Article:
And so it is that this Sunday evening I found myself at a concert of Christian music. And by concert I don’t mean a choir in a local church – this was a big event, taking place in a huge arena in Sydney, with an impressive light show and full-bodied anthemic rock songs, all singing about the sacrifice of Jesus and the glory of God. Amen etc.
So how did I end up here? When I was last in Australia I met a student called Andy who was staying at the same hostel as me. Tall and bushy-haired, he was here on a year’s placement for the mechanical engineering degree he was studying in Bristol. We bonded with a mutually wry sense of humour and a love of Lost, which we spent hours watching and dissecting together.
Andy is quite open about his Christianity. There’s no reason why he shouldn’t be, of course, though people of our age do tend to treat other people of our age with a religious bent with some suspicion. But Andy’s relaxed and very chilled attitude towards it all disarms you totally. He drinks and chases women like any other man in the hostel, and is by no means a Bible basher. It is clear straight away that he’s not going to try and ‘recruit’ you, which I guess is most people’s fear.
But he is passionate and dedicated to his faith. On his Facebook profile he talks openly about his beliefs, saying:
“I know I'm far from perfect; I know of only one who is or ever was. His name is Emmanuel, Jesus Christ.I can merely endeavour to love. Whilst I know that my Earthly ties will inevitably be cut at some point, I do not fear death. Through my faith, I have hope: hope of an eternity spent in God's presence. I'd be lying if I said the notion of spending eternity in Heaven didn't excite me. The reason I am who I am and I act the way I do is directly because of this. I know I don't deserve to enter God's presence but the idea that I can in spite of this motivates me as a person. Jesus came to serve, not to be served. I hence try my utmost to follow His example: to serve both Him and others. I aim to share what I believe to be the greatest good news anyone could ever hope to hear. I believe it would be selfish not to.”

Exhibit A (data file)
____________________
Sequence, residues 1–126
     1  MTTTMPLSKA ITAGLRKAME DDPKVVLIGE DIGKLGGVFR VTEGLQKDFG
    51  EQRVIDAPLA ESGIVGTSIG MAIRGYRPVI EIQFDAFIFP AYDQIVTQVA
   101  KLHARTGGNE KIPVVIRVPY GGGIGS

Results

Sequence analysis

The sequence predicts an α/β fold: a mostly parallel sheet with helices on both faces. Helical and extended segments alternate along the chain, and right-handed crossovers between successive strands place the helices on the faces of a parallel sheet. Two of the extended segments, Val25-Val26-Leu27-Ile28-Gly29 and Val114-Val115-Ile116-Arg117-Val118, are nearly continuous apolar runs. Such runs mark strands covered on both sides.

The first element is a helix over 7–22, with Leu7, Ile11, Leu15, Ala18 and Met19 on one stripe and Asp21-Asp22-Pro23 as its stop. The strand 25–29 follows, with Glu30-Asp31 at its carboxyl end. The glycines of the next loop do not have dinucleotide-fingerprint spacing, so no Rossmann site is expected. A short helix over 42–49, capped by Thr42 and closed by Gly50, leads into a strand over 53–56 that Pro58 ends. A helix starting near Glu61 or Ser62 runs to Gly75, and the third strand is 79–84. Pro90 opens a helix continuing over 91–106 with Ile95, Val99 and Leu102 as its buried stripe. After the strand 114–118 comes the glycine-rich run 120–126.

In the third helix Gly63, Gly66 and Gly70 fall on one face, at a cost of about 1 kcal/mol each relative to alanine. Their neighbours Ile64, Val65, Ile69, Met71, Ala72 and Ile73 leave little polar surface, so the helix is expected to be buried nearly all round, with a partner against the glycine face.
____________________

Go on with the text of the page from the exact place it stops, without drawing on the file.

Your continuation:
Being the cynic and atheist I’ve, one, been brought up to be, and two, become even more so as an adult, I always find it amazing when I meet someone of my generation with attitudes such as this. The role religion plays in Western society continues to be reduced for most people. There is still an acknowledgement by those in power of religion’s role in people’s lives but it by no means holds the power it once had historically. When a man as powerful as Tony Blair was refuses to discuss his Catholic faith openly, it’s clear that society is still moving slowly away religious dominance in its affairs.
And yet it does still have a huge influence. I’m constantly reminded that people who still worship God aren’t necessarily unintelligent, needy or naïve. Blair is one example. Professor Robert Winston is another. He’s a scientist who has presented many programmes on human behaviour, a man I interviewed a few years ago when he was promoting his programme The Story of God – an historical look at God and how the belief in a higher power as impacted human development.